Population connectivity in the temperate damselfish Parma microlepis: analyses of genetic structure across multiple spatial scales
Curley, Belinda G., and Gillings, Michael R. (2009) Population connectivity in the temperate damselfish Parma microlepis: analyses of genetic structure across multiple spatial scales. Marine Biology, 156 (3). pp. 381-393.
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This study investigated the utility of microsatellite markers for providing information on levels of population connectivity for a low dispersing reef fish in New South Wales (NSW), Australia, at scales ≤400 km. It was hypothesized that the temperate damselfish Parma microlepis, which produces benthic eggs and has limited post-settlement dispersal, would exhibit spatial genetic structure and a significant pattern of isolation-by-distance (IBD). A fully nested hierarchical sampling design incorporating three spatial scales (sites, location and regions, separated by 1–2, 10–50 and 70–80 km respectively) was used to determine genetic variability at seven microsatellite loci. Broad-scale genetic homogeneity and lack of IBD was well supported by single and multi-locus analyses. The proportion of the total genetic variation attributable to differences among regions, locations or sites was effectively zero (Φ/R-statistics ≤0.007). The geographic distribution of genetic diversity and levels of polymorphism (H E 0.21–0.95) indicate high mutation rates, large effective population sizes, and high rates of gene flow. Significant gene flow may be driven by factors influencing pre-settlement dispersal, including the East Australian Current (EAC) and habitat continuity. Genetic connectivity may not reflect demographically important connectivity, but does imply that P. microlepis populations are well connected from an evolutionary perspective. Total observed genetic diversity was accounted for within 1–2 km of reef and could be represented within small Marine Protected Areas. Reef fishes in NSW which have life histories similar to P. microlepis (e.g. pre-settlement durations ≥2 weeks) are also likely to exhibit genetic homogeneity. Genetic markers are, therefore, most likely to provide information on demographically relevant connectivity for species with lower dispersal capabilities, small population sizes, short life spans, and whose habitats are rare, or patchily distributed along-shore.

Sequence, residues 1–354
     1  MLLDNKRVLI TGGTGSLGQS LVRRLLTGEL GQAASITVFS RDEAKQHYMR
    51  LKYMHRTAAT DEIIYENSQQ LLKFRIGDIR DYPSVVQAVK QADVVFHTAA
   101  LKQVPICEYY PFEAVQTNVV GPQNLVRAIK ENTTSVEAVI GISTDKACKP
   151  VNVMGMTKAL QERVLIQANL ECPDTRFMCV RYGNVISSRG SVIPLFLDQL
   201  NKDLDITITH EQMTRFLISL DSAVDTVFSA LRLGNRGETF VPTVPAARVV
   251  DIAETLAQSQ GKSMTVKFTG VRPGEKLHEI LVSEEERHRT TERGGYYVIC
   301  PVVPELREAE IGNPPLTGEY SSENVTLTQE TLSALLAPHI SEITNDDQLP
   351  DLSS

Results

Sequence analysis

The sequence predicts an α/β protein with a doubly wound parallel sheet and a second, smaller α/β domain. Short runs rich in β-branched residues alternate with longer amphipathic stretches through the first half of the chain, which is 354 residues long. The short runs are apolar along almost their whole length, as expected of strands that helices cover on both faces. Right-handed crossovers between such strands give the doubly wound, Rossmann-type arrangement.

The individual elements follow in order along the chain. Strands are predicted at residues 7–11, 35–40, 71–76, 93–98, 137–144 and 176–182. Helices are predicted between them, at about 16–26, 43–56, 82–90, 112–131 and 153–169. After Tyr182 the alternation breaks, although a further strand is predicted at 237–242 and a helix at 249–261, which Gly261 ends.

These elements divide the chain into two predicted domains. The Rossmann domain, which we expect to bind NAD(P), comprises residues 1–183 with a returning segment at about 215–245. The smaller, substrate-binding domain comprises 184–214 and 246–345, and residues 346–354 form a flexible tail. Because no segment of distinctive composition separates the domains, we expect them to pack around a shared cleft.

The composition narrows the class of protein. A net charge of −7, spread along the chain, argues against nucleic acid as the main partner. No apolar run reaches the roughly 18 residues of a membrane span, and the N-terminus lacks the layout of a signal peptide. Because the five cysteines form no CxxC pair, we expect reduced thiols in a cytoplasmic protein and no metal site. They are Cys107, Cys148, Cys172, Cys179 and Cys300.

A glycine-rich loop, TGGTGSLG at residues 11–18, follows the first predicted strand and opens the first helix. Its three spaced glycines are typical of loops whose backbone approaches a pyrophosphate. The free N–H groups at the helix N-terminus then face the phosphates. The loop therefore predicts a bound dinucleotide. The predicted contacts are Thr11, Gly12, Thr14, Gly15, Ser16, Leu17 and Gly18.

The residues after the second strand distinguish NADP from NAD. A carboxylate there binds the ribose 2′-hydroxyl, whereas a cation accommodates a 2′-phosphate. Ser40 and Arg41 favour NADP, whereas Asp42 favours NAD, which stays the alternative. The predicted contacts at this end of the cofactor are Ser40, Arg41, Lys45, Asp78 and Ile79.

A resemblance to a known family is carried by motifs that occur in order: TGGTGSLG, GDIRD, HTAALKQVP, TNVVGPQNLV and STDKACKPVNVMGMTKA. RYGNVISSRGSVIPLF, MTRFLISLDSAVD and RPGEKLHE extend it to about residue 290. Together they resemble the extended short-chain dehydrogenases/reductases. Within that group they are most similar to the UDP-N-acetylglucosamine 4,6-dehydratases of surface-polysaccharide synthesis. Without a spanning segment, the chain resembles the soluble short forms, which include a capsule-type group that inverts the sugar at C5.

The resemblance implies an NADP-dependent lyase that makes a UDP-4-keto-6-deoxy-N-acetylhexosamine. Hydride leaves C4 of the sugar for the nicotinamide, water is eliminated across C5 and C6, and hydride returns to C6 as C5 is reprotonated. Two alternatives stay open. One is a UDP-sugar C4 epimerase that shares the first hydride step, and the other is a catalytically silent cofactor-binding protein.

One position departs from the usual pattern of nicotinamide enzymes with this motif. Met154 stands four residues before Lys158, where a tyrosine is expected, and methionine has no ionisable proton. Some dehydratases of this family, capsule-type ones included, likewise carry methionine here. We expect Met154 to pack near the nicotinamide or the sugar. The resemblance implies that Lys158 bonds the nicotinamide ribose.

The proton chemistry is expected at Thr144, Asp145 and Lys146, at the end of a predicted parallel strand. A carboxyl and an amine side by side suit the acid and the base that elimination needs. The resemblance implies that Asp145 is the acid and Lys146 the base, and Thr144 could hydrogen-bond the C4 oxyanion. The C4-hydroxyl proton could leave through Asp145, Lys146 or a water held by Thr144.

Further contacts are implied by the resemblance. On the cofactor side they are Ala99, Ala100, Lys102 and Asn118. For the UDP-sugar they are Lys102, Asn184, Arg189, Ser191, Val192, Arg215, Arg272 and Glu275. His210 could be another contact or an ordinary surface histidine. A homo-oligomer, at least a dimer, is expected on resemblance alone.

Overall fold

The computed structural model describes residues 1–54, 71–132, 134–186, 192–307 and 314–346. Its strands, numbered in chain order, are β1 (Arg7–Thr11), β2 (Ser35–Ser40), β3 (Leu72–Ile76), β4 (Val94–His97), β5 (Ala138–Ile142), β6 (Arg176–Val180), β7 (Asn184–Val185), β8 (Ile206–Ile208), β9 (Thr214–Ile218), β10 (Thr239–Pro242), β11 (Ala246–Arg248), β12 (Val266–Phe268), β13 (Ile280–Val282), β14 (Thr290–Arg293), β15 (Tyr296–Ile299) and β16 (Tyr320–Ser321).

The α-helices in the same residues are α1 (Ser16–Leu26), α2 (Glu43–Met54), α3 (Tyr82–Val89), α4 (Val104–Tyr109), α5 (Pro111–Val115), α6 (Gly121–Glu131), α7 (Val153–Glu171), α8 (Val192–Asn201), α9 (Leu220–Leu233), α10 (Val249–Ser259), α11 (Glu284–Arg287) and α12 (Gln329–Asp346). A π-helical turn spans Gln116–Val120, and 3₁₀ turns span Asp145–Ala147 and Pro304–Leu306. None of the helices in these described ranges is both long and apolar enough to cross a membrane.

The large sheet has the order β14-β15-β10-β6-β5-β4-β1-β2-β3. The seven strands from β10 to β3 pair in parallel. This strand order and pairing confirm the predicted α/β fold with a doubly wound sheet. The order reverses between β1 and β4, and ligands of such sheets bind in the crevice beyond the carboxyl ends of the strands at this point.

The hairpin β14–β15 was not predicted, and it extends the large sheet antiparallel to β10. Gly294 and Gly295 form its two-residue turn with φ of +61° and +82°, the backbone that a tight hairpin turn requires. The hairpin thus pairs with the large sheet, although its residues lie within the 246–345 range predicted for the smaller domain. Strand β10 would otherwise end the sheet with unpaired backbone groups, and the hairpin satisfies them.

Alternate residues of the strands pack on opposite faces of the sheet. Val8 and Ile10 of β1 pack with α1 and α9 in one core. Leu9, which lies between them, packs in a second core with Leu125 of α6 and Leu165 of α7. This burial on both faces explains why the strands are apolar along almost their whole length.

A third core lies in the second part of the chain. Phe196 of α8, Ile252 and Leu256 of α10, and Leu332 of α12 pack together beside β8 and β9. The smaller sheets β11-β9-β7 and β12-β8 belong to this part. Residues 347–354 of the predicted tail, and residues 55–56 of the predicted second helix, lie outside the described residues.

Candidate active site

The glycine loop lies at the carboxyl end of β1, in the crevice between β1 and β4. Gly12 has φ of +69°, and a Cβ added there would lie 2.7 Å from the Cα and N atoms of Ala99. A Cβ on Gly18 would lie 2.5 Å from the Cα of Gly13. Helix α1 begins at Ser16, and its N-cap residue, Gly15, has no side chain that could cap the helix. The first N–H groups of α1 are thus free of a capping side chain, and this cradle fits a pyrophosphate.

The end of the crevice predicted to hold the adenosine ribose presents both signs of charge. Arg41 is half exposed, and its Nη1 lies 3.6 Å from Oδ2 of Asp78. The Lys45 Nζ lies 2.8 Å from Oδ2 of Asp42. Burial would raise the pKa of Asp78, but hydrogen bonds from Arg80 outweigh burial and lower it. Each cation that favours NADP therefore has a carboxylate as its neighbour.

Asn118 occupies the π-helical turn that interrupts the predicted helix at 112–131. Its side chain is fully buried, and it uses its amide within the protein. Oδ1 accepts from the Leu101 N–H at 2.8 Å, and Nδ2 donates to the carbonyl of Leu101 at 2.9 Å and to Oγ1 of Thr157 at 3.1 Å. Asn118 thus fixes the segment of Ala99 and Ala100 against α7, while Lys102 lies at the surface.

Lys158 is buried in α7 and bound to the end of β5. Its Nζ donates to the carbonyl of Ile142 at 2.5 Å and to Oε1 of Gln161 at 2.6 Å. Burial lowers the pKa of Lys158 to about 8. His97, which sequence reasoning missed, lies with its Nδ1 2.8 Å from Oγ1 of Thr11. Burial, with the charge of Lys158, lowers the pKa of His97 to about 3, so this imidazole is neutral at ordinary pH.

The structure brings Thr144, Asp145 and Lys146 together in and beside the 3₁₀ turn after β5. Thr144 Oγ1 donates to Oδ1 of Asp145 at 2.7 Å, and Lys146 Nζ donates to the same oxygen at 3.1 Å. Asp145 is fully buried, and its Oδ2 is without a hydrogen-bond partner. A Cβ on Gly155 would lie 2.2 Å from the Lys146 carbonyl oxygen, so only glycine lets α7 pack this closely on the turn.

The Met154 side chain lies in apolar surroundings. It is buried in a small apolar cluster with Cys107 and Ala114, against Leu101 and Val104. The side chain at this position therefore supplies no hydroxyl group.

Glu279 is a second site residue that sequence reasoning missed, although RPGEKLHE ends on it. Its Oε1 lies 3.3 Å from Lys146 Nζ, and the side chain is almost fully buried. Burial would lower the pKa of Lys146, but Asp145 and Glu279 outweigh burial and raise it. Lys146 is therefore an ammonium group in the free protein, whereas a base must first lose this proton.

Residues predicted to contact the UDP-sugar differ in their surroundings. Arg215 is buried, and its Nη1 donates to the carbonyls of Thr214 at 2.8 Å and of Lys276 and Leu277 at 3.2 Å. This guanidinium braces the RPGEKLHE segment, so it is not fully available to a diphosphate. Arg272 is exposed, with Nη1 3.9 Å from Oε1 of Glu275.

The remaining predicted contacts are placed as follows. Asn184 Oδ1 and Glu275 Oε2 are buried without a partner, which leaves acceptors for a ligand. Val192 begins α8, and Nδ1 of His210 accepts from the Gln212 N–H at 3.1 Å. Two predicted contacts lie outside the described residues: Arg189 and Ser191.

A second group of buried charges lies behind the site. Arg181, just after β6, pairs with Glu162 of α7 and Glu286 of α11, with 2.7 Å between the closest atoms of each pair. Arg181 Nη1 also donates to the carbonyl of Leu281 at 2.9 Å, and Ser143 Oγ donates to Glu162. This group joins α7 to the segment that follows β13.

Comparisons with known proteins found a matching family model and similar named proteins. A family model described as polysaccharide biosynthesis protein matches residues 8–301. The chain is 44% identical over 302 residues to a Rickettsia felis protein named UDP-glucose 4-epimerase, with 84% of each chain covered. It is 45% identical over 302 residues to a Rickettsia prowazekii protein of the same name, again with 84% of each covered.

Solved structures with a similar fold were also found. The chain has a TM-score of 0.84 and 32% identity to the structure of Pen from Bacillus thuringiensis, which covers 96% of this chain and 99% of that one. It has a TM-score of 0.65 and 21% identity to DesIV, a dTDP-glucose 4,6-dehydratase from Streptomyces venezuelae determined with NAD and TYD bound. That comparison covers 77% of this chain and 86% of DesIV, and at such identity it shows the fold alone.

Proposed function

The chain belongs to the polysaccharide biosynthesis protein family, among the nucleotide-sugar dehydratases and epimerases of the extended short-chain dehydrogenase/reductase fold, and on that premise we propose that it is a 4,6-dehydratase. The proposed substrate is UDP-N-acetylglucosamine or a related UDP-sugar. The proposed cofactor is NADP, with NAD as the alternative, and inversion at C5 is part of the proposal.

|Item Type:||Article (Refereed Research - C1)|
|Keywords:||marine Science, damselfish, New South Wales, Parma microlepis, genetic strucutre, microsatellite loci, Marine Protected Areas|
|FoR Codes:||06 BIOLOGICAL SCIENCES > 0602 Ecology > 060205 Marine and Estuarine Ecology (incl Marine Ichthyology) @ 100%|
|SEO Codes:||96 ENVIRONMENT > 9608 Flora, Fauna and Biodiversity > 960808 Marine Flora, Fauna and Biodiversity @ 100%|
|Deposited On:||06 Aug 2009 09:44|
|Last Modified:||14 Jun 2013 00:42|
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|Citation Counts with External Providers:||Web of Science: 7|
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